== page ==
View Single Post
Old 11-22-2003, 08:57 PM   #4
beneficii
Rookie
 
beneficii's Avatar
 
Join Date: Oct 2003
Posts: 14
Re: Complicated...

Sorce,

Quote:
Sounds a bit complicated for my simple mind to understand - I personally think that the way it is implemented at the moment is fine - people want to sell their items so they ask for lower amounts than their competitors. If someone managed to get some cheap then he can sell it cheap and rule the market for a period of time - IMO it works very well.
Allow me then to refine my explanation. I propose a market that allows those who offer to pay the most (highest bidder) for a good, and those who offer a good for the least (lowest asker) to get first priority. It balances against what buyers want (to pay the least), and what sellers want (to receive the most). For example, if a lot of buyers were to come onto the market, then the system would drive pricers higher (because buyers would have to constantly outbid each other). If a lot of sellers were to come onto the market, then the system would drive pricers lower (because sellers would have to constantly underask each other). Allow me to give you some examples:

Let's say that someone--let's call him seller A--puts up 100 stimpacks for no less than 5 credits a unit. Seller B then comes on and puts up 50 stimpacks for no less than 4 credits a unit. We get a buyer A who comes on and wants to buy 75 stimpacks for no more than 3 credits a unit. Well, buyer A will not be getting seller A and seller B's items, because he is not willing to pay for them, and the sellers are not willing to give it to him at that price. Obviously, someone is going to have to budge. Let's say that a buyer B comes on and and wants 75 stimpacks for no more than 5 credits a unit. Well, he'll first get seller B's 50 stimpacks first, because they're the cheapest. So he pays 4 credits a unit for them, which adds 50 to the volume traded and puts the market price (last trade) at 4 credits a unit. Then, to get his full 75, he pays 5 credits a unit for 25 more. This adds 25 to the volume traded (for a total so far of 75 units traded) and puts the market price at 5 credits a unit. Well, seller A still has 75 stimpacks for no less than 5 cr/u left on the market. Let's say that buyer A gives up and will get them at any price. Well, he would then get his 75 stimpacks for 5 credits a unit.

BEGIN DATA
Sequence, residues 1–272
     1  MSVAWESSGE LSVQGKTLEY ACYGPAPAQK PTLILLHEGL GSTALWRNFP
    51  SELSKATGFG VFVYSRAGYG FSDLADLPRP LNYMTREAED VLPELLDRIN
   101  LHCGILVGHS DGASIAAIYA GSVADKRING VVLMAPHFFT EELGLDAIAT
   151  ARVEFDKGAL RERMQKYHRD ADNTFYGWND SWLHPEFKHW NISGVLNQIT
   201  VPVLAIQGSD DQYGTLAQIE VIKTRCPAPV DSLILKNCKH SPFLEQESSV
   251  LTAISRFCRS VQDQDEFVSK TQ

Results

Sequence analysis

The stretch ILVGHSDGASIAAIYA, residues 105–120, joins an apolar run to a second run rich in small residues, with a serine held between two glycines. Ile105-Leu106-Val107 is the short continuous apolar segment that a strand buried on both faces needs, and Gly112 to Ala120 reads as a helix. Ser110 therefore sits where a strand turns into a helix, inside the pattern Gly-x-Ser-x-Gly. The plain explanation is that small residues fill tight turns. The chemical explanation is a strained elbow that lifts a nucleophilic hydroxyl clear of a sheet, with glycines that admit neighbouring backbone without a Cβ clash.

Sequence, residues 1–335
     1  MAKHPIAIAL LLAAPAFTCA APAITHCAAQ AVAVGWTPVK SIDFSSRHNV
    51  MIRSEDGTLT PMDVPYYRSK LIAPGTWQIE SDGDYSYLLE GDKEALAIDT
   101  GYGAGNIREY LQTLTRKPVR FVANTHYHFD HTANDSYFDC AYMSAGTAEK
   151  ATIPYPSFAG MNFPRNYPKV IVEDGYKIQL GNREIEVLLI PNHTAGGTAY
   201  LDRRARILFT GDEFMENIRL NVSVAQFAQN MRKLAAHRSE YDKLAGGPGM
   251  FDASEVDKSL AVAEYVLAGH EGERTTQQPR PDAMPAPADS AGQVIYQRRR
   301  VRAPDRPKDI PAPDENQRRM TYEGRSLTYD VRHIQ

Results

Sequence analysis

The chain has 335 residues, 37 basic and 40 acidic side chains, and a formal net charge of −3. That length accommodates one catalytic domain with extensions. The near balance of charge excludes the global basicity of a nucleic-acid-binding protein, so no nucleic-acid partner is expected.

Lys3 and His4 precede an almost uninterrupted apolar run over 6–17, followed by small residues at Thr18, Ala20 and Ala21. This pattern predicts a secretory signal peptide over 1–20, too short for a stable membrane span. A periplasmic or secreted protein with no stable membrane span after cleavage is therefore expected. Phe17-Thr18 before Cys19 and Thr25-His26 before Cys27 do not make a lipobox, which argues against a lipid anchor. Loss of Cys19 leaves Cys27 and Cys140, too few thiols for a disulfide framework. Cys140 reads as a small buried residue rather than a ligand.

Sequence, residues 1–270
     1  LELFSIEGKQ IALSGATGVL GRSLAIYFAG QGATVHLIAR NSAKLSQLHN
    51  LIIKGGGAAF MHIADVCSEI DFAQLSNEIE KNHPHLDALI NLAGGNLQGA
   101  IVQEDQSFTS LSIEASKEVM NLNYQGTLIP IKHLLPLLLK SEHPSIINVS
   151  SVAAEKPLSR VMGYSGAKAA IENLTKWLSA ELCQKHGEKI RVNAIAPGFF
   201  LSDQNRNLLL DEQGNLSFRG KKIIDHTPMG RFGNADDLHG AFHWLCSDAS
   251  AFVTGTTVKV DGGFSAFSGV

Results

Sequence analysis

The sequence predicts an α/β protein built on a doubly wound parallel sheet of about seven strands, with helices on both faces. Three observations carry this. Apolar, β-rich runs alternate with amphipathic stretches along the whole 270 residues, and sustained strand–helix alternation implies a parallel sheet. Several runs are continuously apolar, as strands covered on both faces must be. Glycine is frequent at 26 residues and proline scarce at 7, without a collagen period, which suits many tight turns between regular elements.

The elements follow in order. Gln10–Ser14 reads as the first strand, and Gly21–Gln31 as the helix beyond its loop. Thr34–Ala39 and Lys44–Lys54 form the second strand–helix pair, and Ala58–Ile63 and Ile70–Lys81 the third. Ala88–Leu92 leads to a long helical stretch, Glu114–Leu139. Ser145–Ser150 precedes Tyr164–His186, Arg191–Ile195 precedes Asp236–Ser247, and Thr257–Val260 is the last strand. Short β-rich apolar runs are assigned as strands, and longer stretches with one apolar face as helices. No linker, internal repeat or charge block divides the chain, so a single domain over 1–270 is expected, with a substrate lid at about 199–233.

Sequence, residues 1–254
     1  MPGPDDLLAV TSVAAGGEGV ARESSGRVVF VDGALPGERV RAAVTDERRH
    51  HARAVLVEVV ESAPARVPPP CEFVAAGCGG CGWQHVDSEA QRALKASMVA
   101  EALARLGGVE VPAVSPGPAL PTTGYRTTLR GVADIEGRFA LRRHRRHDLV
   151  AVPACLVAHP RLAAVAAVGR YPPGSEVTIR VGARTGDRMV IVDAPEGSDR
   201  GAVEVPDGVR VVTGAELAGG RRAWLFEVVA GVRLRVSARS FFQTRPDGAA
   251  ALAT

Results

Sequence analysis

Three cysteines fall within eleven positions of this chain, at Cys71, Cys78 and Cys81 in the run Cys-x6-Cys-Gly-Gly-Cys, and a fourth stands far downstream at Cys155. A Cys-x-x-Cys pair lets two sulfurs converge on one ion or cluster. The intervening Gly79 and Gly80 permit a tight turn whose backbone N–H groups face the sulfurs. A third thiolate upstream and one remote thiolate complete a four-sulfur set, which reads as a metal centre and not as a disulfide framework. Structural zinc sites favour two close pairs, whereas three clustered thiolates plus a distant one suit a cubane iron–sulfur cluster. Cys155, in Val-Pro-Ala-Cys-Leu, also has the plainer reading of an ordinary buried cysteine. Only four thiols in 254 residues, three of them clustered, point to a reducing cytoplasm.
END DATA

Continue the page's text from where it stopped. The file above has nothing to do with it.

I hope this example was helpful.

Quote:
Also - the 3000 cap is essential, I think - because not only does it encourage PA shops, but it also means that weapons are harder to come by, and so you'll see a few less people with uber weapons and you will see people gasping at some guy's huge laser cannon (I have found myself oogling at someone's rifle) and so all in all, I think the Bazaar system is as well done as it could be.
PA shops are not the most effective way of trading, so of course to maintain their competitiveness you need some way to make the bazaar (which is very effective) less competitive. Of course any efforts to make them less competitive is very artificial and thus is bound to cause imbalances in the economy. For example, heightened demand for an item (perhaps as a result of speculation) regularly traded on the bazaar could cause the price that people are willing to sell it for (the asking price) above 3,000 cr/u, which would effectively force it off the bazaar. It being forced off the bazaar would cause the item to become more scarce--because it would be harder to find,--which would have the effect of driving the amount that people are willing to sell it for even higher. That would then spur speculative excesses, which pushes the bidding price to far above what non-speculators are willing to pay for it. So essentially once the pool of bidders goes dry, it would force sellers to start selling it at lower prices. That could spark a panic, which would cause the market price per unit to plummet. Such a plummet would wipe many a speculator out. They would then demand that the Devs to step in to save them from losing their money. That of course would cause more artificialities.

If that example sounded too Goldbergian to you, then I agree. But I also guess that it is also where your priorities lie. I believe that the in-game economy should be made as effective as possible with little Dev interference. You think it is important that the Devs intentionally make it more difficult to obtain "uber weapons," so that those who do manage to get them would have their social standing improved and feel more like an elite player.

If you really want to get the best weapons in the hands of the fewest players and accelerate the development of even better weapons, then I think you should agree with the system that I propose. My system would facilitate a process known as creative destruction. The game allows players to constantly improve on their weapons. Under the current system, when a very good item is created, it starts off scarce. However, the item stays scarce artificially, because people will not sell it on the bazaar, which keeps the price artificially high. That would provide little incentive for the manufacturer to improve on the item, because he can get good profits just off this. Under the system that I propose, as the item becomes very common, its price gets driven down. That would force the manufacturers to keep producing even better items, which of course start off scarce, but then it would go down in price at the bazaar, forcing them to make it even better again. Those who will not keep up will see their profits go down.

This system provides great incentive for people to constantly improve on themselves, and helps to keep a wide open box for what could happen. The current system does not. It provides little incentive for people to constantly improve on themselves. In fact, it makes it even more difficult.

Beneficii

^_^
beneficii is offline   you may: quote & reply,